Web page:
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Isle of Wight sized reef found by seabed mappers

05 December 2011

A string of new discoveries by seabed habitat mappers around the world seem to bear out the old adage - that we know more about the surface of Mars than we do about the Earth's seabed.

In UK waters, recent work by Cefas scientists has revealed an extensive system of rocky ridges in the central English Channel. Previously, the mapped area was thought to contain little or no rock outcrops.

So the mappers were surprised to find a "reef" that is about four times the size of the Isle of Wight. As remarkable as that is, the reef is also important for another reason: it supports a large variety of marine animals. The abundant fauna includes sponges, bryozoans, anemones and sea-squirts.

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Markus Diesing, of Cefas' Marine Habitats and Mapping team said: "We used a combination of existing data and new survey information, collected on our research vessel, the Cefas Endeavour, to outline and characterise the area of rock ridges.

"These extend over 1,100 square kilometres of seabed, some 30 kilometres south of the Isle of Wight. The reef rests at depths between 40 and 100 metres below the surface, so it isn't hazardous to shipping."

Multi-beam sonar shows a complex of rock formations exposed at the seabed - with ridges up to 4 metres high - generally running in an east-west direction. Underwater video and seabed photographs reveal the detailed physical nature of the seabed and show the range of animals that live there.

Multi-beam of underwater river, Channel

Multi-beam sonar image showing some of the rock ridges in the central English Channel and the path of an ancient river that has cut through them. The scale shows water depth in metres.

The feature, now known as the Wight-Barfleur Reef (PDF), is currently under consideration for protection under the European Union's Habitats Directive as part of a European network of Marine Protected Areas, known as Natura 2000.

This particular discovery has recently been published as a case study in a major new book called Seafloor Geomorphology as Benthic Habitat - GeoHab Atlas of Seafloor Geomorphic Features and Benthic Habitats.

The atlas provides a synthesis of current knowledge in relation to seabed geomorphology as benthic habitat and presents a total of fifty-seven case studies from around the world.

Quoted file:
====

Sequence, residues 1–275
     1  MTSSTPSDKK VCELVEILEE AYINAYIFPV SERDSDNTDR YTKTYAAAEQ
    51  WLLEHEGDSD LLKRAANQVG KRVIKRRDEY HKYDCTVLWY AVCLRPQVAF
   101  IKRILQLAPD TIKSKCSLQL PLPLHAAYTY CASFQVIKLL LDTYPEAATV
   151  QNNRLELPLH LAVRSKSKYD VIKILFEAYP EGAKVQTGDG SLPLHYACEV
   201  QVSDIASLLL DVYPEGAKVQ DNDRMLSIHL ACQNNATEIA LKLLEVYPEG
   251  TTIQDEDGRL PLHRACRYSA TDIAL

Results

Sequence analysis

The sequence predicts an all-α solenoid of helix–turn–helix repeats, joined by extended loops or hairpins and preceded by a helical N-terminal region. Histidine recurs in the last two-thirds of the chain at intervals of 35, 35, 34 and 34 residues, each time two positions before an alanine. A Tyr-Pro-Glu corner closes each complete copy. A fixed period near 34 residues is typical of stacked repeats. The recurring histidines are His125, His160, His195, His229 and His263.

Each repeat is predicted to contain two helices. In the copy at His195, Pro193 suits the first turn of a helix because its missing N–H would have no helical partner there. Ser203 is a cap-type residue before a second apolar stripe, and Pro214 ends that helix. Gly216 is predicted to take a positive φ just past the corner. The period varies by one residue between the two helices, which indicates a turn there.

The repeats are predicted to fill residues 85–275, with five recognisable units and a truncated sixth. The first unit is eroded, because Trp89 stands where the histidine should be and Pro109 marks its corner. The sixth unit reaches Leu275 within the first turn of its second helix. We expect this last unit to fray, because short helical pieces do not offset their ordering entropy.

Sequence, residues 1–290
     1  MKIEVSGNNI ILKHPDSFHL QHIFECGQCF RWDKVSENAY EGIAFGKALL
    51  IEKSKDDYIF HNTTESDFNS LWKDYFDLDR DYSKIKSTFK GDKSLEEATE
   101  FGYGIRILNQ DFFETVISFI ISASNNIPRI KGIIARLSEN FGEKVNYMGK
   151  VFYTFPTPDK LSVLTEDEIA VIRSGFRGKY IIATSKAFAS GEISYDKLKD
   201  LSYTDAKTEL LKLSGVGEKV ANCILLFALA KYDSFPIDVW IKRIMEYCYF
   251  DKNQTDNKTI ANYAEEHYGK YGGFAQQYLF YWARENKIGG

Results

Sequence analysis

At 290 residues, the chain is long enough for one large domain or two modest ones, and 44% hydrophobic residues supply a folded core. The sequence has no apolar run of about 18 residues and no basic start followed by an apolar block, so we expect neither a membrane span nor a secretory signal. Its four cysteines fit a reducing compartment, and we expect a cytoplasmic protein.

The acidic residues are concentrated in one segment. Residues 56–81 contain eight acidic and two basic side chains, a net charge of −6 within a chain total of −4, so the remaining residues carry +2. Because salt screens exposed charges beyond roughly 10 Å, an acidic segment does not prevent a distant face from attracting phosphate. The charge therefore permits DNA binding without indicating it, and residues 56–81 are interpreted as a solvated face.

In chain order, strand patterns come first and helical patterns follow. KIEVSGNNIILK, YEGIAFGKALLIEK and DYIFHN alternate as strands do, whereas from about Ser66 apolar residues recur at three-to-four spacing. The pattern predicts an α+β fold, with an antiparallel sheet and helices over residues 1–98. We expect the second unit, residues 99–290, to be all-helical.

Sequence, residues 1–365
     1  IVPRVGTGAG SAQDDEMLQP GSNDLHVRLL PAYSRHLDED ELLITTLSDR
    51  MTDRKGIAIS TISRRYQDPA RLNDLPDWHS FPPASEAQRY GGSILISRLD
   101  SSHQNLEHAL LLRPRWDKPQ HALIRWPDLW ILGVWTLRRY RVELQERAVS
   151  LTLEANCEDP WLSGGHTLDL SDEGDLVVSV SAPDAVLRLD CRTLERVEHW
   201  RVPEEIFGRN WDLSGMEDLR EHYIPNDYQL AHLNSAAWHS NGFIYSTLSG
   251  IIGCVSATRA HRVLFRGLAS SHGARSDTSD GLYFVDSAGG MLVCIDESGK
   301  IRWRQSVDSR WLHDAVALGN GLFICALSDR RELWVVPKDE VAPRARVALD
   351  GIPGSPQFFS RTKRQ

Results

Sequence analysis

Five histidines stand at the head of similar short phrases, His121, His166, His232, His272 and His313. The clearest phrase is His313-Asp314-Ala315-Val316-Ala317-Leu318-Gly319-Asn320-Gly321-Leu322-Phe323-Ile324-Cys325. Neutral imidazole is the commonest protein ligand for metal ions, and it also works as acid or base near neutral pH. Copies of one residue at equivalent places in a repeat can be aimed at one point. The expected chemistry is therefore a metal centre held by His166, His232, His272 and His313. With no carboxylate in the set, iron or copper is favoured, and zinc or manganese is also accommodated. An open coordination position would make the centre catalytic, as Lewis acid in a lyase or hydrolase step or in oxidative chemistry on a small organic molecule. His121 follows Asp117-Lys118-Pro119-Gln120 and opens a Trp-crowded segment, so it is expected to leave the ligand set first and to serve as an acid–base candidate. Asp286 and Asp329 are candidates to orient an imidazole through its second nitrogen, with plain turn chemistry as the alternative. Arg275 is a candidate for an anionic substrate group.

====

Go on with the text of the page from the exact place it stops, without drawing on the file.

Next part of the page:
It seems there is still plenty to explore and discover here on Earth.

Seabed fauna Benthic fauna, Channel

1. Sponges (Porifera) are collections of cells that can be organised into a variety of shapes. They live attached to rock and feed by filtering particles out of the water. There are many encrusting forms in the UK, but the massive forms such as the large white or grey "Elephant's Hide" sponge (Pachymatisma johnstonia, not shown in this image) are relatively uncommon.

2. Bryozoans (Ectoprocta) are colonies of "zooids", small individuals about the size of a grain of sugar that are not quite independent from each other. They live in a matrix of individual chambers and different groups of zooids perform different functions for the colony (e.g. feeding, excretion, reproduction). The colonies live attached to rocks and there are many forms in UK waters. The "Hornwrack" (Flustra foliacea) was very common on the rock ridges.

3. Anemones (Actiniaria) are individual soft-bodied animals with a central mouth surrounded by a ring of tentacles armed with stinging cells. They usually live attached to rocks with their tentacles spread wide waiting for prey items to brush into them.

4. Sea-squirts (Ascidiacea) have sac-like bodies with a primitive backbone and are typically about the size of a grape. They live attached to rocks and can be solitary, gregarious (living in groups) or colonial. They pump seawater through their body cavity and filter out tiny particles of food.

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Last Modified: 27 April 2014